Associate Professor of Environmental Studies Darrin Magee, a geographer with expertise in water and energy in China, was recently quoted in an article about the threat to regional stability posed by China’s complex dam system and, particularly, its lack of clear and effective communication about them. “Troubled waters: the Mekong River crisis,” appeared in Financial Times magazine.
The article details a number of severe and damaging highs and lows the Mekong River experienced this past winter, attributed by many to be caused by actions taken at China’s upstream dams. It discusses difficulties officials from a number of countries – as well as the Mekong River Commission – have had obtaining information from China to determine the actual cause of these fluctuations and states, “China’s communications about its dams are anything but effective, let alone unimpeded.”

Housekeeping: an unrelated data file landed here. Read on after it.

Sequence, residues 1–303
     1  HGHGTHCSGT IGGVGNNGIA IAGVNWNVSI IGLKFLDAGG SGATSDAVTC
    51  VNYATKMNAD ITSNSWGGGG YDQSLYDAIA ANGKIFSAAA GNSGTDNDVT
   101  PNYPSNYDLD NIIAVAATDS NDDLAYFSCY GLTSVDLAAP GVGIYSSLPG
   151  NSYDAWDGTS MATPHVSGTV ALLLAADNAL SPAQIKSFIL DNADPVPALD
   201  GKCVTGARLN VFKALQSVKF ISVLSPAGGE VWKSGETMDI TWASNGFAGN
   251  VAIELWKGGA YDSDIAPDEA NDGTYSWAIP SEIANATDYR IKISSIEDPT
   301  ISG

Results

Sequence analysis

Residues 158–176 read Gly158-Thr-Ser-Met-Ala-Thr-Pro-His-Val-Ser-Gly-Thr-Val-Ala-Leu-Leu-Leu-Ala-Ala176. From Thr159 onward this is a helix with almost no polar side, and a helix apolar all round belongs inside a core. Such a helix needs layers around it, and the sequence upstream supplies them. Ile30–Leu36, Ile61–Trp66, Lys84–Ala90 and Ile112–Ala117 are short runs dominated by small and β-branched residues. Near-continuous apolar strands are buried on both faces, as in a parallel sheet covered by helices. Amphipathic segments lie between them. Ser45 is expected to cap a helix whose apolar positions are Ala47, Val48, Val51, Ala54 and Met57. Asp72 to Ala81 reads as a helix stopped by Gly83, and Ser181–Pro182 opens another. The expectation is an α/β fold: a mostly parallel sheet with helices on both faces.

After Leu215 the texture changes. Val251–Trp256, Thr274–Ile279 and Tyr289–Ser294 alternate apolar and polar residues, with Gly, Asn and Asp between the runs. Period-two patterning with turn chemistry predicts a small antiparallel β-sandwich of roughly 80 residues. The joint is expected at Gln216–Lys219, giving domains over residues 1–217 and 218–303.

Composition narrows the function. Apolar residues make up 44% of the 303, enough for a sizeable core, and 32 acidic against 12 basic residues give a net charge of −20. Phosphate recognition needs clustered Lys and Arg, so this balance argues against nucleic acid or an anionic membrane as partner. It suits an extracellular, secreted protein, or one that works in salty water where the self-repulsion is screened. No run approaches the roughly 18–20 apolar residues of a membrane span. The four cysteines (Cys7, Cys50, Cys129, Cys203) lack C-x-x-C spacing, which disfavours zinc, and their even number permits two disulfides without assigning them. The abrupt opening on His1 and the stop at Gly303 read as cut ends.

“I’m the last person you would go to to find a China-basher,” Magee said. “There’s no rational explanation for not sharing some of the data if indeed these dams are having as little impact as they claim they are.”
The full article appears online.
Magee, who joined the Colleges faculty in 2008, is currently serving as a fellow of the prestigious Rocky Mountain Institute, which seeks to develop the plan for China’s energy future. He earned an M.A. and Ph.D. from the University of Washington, along with a B.A. in French and B.S. in mathematics from Louisiana State University. His doctoral dissertation was titled “New Energy Geographies: Powershed Politics and Hydropower Decision Making in Yunnan, China.”
He has authored a number of articles on China’s water and energy and has presented his work at conferences and institutes throughout the world, including Oxford University, the University of Colorado, and the National Youth Science Foundation. In 2011, Magee was named director of the HWS Asian Environmental Studies initiative. That same year, he was selected as one of 20 Public Intellectuals Program Fellows by the National Committee on United States-China Relations.